P&C insurance deals, like many high-tech enterprise sales, can be difficult to predict. The insurance market is riddled with regulations, and companies tend to be risk averse. When purchasing technology, they typically involve many decision-makers and many months. So how do you determine the timeline for closing a deal? Base your plans on clear account intelligence about the schedule your buyer expects to follow; then strategize ways to prevent delays and even nudge them a little faster. 


Ask Your Buyers, “How Do You Determine the Timeline for Closing a Deal?” 

You’ll have the most success estimating the timeline for a sale if you understand what buyers have to do to get a purchase approved and processed. What hurdles do they need to leap? How long does the company typically take to make a decision? What internal selling do your champions have to do to bring other groups on board? 

It’s also important to know where the decision points are. At what stages do they determine whether to move forward with you? And once they’ve chosen your solution how long does procurement usually take? Determine whether higher-value deals typically require more scrutiny or if software is handled differently than services.  

You’ll probably need an inside ally to help you understand the process from the buyer’s point of view. With their guidance, you can use buyer engagement to ask better questions that drill down on the process and uncover what buyers need from you. And armed with accurate intelligence, you can align selling activities with the account’s process and set a realistic timeline for the deal.  


Uncover How Timelines Get Derailed 

Of course, the best-intentioned plans go astray. Many things out of your control can stall a deal. Key decision makers change roles or leave the company. The economy takes a turn for the worse. Even a natural disaster (or a pandemic) can refocus priorities and pull back budget.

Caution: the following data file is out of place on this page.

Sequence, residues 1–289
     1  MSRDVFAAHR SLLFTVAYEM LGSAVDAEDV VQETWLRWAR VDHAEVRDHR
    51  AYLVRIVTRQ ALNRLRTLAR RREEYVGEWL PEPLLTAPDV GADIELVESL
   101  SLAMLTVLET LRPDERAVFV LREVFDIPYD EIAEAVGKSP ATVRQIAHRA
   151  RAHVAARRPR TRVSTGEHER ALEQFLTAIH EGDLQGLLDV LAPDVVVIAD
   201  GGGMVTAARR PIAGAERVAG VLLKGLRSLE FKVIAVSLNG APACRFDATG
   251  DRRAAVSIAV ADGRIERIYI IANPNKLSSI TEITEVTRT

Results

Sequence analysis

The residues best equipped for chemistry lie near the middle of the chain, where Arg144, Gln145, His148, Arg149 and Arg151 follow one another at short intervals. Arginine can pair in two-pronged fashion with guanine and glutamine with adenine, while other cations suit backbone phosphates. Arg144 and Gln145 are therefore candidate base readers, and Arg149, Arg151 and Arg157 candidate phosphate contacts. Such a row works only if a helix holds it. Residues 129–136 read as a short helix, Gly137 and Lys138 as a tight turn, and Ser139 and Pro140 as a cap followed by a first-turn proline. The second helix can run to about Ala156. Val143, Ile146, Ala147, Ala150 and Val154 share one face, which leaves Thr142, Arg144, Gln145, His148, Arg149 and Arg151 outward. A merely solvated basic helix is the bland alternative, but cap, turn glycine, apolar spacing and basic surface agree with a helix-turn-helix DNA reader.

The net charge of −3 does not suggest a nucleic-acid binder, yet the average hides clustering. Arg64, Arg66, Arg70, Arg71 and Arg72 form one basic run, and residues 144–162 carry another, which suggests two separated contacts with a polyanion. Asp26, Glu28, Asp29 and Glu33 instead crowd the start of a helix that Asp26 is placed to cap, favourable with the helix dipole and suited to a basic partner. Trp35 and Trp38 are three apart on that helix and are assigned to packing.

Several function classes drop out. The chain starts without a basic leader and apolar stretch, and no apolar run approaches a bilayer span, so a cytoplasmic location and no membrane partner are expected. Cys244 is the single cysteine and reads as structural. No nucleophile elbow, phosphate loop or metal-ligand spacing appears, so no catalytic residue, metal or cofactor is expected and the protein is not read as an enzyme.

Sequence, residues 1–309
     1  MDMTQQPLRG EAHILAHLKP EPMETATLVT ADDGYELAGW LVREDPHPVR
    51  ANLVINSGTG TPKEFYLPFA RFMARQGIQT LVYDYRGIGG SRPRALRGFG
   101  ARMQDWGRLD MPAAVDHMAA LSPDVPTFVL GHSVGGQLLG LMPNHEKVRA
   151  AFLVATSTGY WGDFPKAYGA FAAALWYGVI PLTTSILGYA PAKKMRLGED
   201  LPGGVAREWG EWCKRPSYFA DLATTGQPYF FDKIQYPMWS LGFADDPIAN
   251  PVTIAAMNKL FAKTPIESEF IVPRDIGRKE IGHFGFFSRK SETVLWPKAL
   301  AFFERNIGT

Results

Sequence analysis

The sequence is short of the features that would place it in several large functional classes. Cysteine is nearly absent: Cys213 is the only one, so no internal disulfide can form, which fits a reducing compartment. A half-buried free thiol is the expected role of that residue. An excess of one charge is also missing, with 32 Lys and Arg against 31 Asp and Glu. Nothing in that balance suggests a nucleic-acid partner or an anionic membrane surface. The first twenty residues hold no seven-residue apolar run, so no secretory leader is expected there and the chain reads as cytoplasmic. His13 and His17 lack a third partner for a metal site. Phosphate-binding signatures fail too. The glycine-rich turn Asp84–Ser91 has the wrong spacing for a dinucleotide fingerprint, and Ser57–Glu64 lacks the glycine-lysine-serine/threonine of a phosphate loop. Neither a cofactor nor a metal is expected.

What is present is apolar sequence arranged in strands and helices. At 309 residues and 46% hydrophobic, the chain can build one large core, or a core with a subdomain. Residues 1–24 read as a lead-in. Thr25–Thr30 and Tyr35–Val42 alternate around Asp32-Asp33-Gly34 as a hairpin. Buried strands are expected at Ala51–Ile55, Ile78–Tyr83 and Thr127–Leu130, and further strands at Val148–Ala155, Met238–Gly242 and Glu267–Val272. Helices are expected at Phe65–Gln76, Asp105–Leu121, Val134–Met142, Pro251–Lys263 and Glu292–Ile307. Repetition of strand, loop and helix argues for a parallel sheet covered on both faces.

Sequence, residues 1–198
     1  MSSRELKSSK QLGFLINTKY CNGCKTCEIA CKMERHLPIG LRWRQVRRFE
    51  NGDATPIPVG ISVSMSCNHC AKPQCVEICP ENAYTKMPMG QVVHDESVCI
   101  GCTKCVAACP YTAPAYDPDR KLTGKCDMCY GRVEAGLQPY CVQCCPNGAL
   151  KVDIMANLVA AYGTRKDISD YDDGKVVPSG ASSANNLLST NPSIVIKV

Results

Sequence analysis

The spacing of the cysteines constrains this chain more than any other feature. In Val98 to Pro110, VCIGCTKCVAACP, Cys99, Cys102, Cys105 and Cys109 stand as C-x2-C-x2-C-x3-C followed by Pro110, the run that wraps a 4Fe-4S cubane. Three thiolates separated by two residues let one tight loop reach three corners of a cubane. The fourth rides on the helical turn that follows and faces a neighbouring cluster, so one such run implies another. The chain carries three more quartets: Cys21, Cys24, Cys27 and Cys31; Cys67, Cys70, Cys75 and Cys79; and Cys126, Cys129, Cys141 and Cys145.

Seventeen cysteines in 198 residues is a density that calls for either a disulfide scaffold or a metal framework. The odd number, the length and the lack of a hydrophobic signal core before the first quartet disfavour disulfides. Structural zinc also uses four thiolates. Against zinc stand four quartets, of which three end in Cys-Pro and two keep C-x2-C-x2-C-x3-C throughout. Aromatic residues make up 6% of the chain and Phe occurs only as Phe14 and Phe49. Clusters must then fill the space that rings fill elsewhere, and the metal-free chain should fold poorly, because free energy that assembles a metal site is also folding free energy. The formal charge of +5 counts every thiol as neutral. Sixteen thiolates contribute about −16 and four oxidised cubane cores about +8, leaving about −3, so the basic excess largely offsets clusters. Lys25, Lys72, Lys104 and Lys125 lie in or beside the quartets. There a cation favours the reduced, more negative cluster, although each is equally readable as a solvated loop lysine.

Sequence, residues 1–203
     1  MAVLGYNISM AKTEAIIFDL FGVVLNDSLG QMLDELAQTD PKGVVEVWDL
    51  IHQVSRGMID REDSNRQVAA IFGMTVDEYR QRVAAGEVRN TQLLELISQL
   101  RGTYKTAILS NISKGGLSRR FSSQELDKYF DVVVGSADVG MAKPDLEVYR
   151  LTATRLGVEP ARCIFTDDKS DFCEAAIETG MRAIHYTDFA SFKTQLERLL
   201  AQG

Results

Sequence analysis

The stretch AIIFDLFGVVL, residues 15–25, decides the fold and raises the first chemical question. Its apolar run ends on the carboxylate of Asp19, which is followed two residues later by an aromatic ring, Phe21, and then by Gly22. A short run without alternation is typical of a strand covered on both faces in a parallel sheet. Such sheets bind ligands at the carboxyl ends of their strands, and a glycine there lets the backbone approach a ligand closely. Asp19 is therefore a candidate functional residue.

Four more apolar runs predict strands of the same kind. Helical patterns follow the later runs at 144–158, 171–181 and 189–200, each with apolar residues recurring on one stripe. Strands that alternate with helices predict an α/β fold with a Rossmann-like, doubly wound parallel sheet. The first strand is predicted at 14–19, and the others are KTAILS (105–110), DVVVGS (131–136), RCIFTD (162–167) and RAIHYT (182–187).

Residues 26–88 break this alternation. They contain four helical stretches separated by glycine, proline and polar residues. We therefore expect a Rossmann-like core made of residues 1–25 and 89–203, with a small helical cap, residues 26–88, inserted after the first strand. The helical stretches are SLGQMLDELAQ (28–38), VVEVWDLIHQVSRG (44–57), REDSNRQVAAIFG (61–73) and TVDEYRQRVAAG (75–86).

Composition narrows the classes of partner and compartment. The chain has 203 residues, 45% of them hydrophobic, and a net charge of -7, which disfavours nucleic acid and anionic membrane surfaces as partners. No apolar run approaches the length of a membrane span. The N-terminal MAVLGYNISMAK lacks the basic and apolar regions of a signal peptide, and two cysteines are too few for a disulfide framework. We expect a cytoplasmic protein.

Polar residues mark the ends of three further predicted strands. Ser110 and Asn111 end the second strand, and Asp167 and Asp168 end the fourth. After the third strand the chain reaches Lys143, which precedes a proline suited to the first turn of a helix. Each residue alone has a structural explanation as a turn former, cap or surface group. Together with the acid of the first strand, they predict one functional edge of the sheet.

But there are other timeline hazards you can manage if you know what to watch for. Ask your inside champion why past deals bogged down or didn’t close. For example, in many P&C insurers, the company culture resists new technology. Or previous vendors may have oversold their solution, leaving buyers wary.  

Remember that many large insurance companies have been in business for decades. They’ve invested in building trust with their clients, and they expect your team to build trust with them. Also consider whether your technology is unproven in the account. New solutions which are hot in the insurance market, such as telematics and artificial intelligence (AI), might need more time to prove they meet industry or company protocols around security and compliance. 


Plan to Bypass Deal-Killing Delays 

Once you know what’s likely to stretch out the timeline, you can strategize a sales plan that avoids the pitfalls. For example, insurance buyers can’t afford to take risks. They think ahead to the long-term advantages and disadvantages of deploying technology. If they’re worried that possible future liabilities outweigh the promised value of your offer, help them make a fair judgement with concrete data, demos, and a realistic ROI.